Some of the people I see for pastoral care visits are so sweet and kind! Everyone else talks about them, and tells stories about them. I can hear the love, caring and support in all the other voices, and that makes me so very happy. The positive emotions and feelings are somehow amplified by their common expression. And by having those positive emotions and feelings bouncing around so much and so often? I have a sneaking feeling that the sick person is greatly benefited by so much love, caring and support.

(There are more and more research studies being done now, regarding the spiritual and emotional nature of being a patient in a hospital. I would not be surprised if some research team had already figured out some kind of test or survey using a Likert scale, finding some hard and fast measurement of the facts and figures surrounding emotions, feelings, and spirituality. I no longer have a job where I’m searching out those kinds of studies. But I digress—a little bit.)

Being a chaplain isn’t usually a showy, fancy-pants kind of job. Pastoral care is not particularly glamorous or flamboyant. Matter of fact, it is often an overlooked, quiet kind of helping. Participating on the caring team. “Oh, yes. There’s the chaplain, too. Over there.” That’s okay. I don’t want to be up front all the time. Or, even most of the time. I get a great deal of satisfaction out of coming alongside of people—in a quiet way. Especially, in a loving, caring, supportive and encouraging way.

Yes, I am quite proud of my usefulness in serving as a chaplain, or using pastoral care. Whichever you like—being chaplainly. In a quiet way.

@chaplaineliza

Like what you read? Disagree? Share your thoughts with your loved ones and continue the conversation.

A Social Enterprise? A Helping Hand! (Feature Friday!)

A Year of Being Kind blog – Friday, July 18, 2014

God is doing a new thing

A Social Enterprise? A Helping Hand! (Feature Friday!)

The computer has made my world expand. And at the same time, get small. Almost like a small town. I’m thinking of several new-ish friends of mine, blogging friends and email friends. Friends I have never met, nor are very likely to. But, friends indeed, drawn together by similar interests and orientations, not to mention similar senses of humor.

One of my blogging friends is Matt Marino, an Episcopal priest in Arizona. (His always-excellent, and sometimes-snarky, blog is http://thegospelside.com/ ) He and I exchanged several comments recently, and he gave me information on an innovative women’s enterprise in the Nashville area. Oh, and it’s a mission, too! Started in 1997 by Becca Stevens, an Episcopal priest on Vanderbilt University’s campus.

Thistle Farms now incorporates a thriving business enterprise. I quote from the website: “By hand, the women create natural bath and body products that are as good for the earth as they are for the body. Purchases of Thistle Farms products directly benefit the women by whom they were made.” But that is just one of the end outcomes of Thistle Farms. The supportive women’s community is much, much more than just a bath and body product production facility.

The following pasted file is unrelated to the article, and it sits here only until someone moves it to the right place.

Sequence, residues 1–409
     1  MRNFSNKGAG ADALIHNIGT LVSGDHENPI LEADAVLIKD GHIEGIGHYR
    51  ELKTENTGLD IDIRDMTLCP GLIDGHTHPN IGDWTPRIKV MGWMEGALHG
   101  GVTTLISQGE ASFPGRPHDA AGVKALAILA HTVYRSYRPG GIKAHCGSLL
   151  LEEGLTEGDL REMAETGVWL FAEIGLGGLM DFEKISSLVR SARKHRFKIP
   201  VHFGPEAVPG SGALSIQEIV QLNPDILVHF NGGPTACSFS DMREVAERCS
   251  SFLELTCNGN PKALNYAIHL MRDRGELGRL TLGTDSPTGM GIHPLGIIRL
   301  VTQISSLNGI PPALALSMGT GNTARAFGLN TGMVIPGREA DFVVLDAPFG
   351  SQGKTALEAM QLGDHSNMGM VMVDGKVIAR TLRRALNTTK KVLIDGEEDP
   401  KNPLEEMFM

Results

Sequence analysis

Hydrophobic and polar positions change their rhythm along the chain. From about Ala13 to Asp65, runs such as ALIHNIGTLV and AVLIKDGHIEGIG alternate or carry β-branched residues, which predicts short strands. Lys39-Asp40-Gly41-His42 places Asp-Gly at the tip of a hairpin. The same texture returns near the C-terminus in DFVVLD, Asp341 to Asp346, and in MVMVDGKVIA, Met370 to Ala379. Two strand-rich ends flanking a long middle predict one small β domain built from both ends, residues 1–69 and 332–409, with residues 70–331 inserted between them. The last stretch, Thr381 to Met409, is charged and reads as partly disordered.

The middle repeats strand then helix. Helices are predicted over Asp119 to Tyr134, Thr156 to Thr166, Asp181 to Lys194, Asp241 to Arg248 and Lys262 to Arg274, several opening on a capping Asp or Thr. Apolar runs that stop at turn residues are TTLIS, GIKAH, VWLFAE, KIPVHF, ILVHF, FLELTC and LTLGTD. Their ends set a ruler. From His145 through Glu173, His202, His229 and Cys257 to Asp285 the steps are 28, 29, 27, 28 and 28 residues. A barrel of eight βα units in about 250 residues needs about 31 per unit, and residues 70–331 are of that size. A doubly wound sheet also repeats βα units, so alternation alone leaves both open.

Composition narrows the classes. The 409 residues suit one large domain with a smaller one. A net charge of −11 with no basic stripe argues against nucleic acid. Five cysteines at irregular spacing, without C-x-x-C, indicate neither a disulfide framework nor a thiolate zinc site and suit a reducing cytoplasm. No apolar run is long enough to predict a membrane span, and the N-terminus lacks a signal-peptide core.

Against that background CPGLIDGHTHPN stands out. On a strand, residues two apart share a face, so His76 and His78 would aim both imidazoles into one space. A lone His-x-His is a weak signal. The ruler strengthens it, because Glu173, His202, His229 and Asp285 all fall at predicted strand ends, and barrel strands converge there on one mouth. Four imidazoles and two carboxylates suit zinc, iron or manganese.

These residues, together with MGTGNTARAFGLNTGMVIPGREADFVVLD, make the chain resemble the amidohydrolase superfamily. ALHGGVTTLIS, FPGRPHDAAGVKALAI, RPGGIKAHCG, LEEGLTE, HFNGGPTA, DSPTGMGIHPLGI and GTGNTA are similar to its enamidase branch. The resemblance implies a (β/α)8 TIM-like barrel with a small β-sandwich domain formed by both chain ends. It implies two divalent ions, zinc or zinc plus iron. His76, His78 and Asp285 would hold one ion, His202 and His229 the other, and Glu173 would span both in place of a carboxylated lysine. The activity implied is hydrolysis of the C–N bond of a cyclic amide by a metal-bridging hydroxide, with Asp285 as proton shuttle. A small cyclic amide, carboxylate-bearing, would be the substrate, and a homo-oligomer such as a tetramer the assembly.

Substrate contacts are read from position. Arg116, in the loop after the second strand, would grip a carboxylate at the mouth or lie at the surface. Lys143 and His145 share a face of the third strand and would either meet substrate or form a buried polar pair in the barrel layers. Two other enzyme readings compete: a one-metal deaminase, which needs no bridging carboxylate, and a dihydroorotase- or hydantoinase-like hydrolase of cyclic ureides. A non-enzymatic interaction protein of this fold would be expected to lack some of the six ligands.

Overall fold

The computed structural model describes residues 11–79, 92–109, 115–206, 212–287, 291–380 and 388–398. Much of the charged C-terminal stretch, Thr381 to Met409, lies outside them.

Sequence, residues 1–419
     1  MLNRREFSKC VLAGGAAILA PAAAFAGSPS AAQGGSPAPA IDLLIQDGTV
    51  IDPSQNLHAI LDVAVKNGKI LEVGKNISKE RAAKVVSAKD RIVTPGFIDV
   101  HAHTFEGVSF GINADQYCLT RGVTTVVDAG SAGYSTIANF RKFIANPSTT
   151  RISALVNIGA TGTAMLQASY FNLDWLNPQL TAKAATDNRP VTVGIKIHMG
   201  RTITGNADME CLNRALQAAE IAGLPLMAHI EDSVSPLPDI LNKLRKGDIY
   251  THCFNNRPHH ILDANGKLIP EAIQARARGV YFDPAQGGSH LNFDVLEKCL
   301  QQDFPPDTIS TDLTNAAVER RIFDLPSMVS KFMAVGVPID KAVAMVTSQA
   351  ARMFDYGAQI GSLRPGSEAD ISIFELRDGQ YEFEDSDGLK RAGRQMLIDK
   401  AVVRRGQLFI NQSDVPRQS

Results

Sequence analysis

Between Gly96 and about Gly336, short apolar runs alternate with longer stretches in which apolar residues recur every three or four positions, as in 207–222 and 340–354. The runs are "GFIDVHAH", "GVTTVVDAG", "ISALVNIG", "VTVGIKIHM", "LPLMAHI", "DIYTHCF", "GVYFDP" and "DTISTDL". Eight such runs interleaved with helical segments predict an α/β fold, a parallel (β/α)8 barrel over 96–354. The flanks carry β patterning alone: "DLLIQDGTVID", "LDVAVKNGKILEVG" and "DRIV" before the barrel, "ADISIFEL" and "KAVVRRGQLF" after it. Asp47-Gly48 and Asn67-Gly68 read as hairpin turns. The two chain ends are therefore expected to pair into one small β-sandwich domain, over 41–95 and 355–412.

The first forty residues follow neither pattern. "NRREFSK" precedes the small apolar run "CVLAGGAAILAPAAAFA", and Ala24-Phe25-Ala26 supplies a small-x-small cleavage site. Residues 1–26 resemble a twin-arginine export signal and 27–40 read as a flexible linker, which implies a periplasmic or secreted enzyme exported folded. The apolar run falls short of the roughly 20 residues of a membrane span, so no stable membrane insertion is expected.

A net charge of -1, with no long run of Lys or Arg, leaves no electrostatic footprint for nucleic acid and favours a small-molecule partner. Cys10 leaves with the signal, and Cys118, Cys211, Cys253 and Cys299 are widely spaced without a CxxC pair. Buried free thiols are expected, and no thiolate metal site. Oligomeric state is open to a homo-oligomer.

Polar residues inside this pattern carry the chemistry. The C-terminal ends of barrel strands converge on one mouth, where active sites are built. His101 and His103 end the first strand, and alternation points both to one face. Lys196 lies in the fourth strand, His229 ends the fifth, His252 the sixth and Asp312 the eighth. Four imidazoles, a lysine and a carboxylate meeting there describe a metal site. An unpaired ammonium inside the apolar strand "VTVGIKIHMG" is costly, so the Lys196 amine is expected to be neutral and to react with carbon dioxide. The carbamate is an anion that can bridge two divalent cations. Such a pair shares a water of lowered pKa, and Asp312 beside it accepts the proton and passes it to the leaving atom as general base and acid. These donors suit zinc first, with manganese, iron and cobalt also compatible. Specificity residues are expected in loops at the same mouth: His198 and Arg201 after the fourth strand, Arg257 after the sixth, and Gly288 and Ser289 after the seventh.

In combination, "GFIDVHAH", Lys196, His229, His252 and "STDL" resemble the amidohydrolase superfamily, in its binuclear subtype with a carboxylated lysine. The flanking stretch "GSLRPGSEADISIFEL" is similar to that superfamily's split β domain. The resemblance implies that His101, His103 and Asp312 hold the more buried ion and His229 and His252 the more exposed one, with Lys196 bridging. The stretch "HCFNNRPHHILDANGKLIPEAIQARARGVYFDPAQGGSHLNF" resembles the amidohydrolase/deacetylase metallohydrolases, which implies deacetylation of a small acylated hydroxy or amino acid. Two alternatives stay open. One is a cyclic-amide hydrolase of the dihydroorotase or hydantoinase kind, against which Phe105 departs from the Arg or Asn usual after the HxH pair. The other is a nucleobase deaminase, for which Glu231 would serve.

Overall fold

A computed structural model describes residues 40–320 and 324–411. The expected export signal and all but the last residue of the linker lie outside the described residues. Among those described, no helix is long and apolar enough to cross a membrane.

This supportive community is also known as the Magdalene program, a residential program for women who have known abuse, prostitution and trafficking, drug and alcohol abuse, and life on the streets. Some come to the program from prison or from the streets, but all have in common the fact that they are survivors. Overcomers. One of the distinctive things about this two-year program is that they give the women housing, food, medical and dental treatment, counseling and therapy, further education, and job training. All this, without charge to the residents. (And without receiving government funding.)

Operating on 24 principles that were developed from St. Benedict’s Rule, the Magdalene community strives to live ”gracefully in community with each other.” This simple, practical guide to living aids everyone in the community—residents, staff and volunteers alike—to live cooperatively, building up each other and sharing in work to help the community grow. Be nurtured. Become so much more.

After new residents become acclimated to the Magdalene community for several months, they then start to look for work, return to school, and have the option of entering their home-grown job training program at the bath and body product facility, Thistle Farms. There they have the opportunity to learn worthwhile job skills in every facet of production, manufacturing, marketing and sales. The women learn responsibility and cooperation, which are the foundation for everything else. All worthwhile skills for life management, as well as opportunities to gain healing experiences. These experiences build up and nurture themselves and each other.

Magdalene staff, volunteers, residents and graduates “stand in solidarity with women who are recovering from abuse, trafficking, addiction, and life on the streets, and who have paid dearly for a culture that continues to buy and sell women,” as the website says. God’s richest blessings on this innovative, caring, nurturing community that seeks to give value to each woman they assist. (For further information, see http://www.thistlefarms.org/ )

@chaplaineliza

Like what you read? Disagree? Share your thoughts with your loved ones and continue the conversation.